THE GUILLOTINES (MA)
Selected release (113 minutes)
THE Guillotines is an intriguing 3D Hong Kong martial arts drama that is a curious mixture of spectacle and introspection. It is directed by the versatile filmmaker Andrew Lau, best known for Infernal Affairs, the taut crime thriller that was remade by Martin Scorsese as The Departed.
It is launched with an intense, hectic, almost overpowering opening sequence. The movie is set during the Qing dynasty, and follows the fate of a secret group of assassins known as the Guillotines. They work under cover of night and use steel weapons that whirl viciously through the air - ideal for 3D action.
But just as important to the film, it turns out, are behind-the-scenes machinations and subplots, tales of divided loyalties and power shifts.
The Guillotines have become careless and complacent, at a time when they are being undermined at the highest level. They are now deemed expendable, even as they are part of the Manchu emperor's latest plan to subdue the Han Chinese population. The emperor's confidant, Haidu (Shawn Yue, pictured), and Guillotines leader Leng (Ethan Juan) have a strong fraternal bond that dates from childhood. When the Guillotines are sent to hunt down a charismatic rebel leader, Wolf (Huang Xiaoming), Haidu accompanies them, for reasons that only gradually become clear. No one is quite what they seem in this movie, although the revelations come with a sense of resignation rather than suspense.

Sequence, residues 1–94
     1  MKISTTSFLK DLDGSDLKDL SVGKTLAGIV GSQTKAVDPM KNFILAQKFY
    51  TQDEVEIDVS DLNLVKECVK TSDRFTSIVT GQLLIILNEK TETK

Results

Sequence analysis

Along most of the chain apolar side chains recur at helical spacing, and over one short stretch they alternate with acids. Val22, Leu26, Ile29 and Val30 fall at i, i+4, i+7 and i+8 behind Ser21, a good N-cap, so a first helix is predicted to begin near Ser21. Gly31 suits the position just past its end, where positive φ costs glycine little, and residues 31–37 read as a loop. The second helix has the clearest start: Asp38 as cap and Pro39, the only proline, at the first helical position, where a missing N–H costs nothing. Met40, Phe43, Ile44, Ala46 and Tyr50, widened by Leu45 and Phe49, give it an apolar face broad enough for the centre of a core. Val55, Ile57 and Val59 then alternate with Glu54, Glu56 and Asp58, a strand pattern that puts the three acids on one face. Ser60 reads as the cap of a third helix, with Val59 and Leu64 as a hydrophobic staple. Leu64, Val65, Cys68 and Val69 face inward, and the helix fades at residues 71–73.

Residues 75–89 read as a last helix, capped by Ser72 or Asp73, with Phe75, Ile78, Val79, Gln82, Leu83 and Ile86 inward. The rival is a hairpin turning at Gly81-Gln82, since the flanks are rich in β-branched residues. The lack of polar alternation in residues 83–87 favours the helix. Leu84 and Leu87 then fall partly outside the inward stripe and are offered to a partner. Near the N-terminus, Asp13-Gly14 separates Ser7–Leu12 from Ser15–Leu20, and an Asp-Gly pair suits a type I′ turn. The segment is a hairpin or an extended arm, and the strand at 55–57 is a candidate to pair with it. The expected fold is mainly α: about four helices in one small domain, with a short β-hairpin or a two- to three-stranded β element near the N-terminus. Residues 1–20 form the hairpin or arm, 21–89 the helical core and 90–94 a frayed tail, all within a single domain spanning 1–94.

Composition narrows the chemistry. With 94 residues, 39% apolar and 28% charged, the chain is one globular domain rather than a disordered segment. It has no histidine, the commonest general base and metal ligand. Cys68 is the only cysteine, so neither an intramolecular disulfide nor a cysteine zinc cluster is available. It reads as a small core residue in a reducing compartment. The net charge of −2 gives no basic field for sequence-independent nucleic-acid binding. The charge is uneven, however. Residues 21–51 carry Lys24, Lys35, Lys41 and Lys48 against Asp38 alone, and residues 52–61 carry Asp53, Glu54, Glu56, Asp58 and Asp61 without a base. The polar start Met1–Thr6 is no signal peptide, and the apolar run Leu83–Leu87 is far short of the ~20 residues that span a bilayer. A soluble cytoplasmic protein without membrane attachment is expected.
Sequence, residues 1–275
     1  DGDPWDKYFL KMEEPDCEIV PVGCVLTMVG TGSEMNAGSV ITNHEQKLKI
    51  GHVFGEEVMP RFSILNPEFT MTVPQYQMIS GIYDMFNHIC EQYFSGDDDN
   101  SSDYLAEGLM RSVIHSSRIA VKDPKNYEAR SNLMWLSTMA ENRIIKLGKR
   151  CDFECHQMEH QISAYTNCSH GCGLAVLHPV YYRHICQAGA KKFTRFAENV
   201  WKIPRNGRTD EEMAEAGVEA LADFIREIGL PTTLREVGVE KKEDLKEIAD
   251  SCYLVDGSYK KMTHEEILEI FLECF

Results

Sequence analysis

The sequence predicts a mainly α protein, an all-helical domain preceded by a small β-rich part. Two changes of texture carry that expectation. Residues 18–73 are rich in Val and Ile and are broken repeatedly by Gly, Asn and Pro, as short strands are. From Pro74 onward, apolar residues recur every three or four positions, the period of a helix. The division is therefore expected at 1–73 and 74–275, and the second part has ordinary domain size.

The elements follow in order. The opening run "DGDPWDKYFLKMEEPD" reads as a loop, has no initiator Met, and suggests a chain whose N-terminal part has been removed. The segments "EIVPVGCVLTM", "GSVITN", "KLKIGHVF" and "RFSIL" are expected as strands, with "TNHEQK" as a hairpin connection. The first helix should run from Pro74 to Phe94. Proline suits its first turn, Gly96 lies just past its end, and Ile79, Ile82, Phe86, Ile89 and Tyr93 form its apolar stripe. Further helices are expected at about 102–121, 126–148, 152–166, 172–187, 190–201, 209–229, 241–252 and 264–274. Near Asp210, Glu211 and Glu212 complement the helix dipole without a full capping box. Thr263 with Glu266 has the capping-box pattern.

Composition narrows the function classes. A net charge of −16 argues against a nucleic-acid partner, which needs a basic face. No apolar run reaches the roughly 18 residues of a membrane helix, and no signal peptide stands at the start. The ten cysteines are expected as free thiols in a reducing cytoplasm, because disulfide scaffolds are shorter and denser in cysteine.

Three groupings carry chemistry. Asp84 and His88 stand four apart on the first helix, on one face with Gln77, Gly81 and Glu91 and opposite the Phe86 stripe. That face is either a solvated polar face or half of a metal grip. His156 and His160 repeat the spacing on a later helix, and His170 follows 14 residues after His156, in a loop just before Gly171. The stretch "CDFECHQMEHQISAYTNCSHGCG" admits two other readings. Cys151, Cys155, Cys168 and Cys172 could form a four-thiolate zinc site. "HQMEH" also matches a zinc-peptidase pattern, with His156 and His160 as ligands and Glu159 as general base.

The Guillotines conveys an ambivalent attitude towards most of its characters and their values, towards notions of leadership and fidelity, ideas of progress and notions of tradition. There is an overall tone of melancholy and elegy, a slow-motion approach that also marks the occasional action sequences, even those overheated, stylised opening scenes.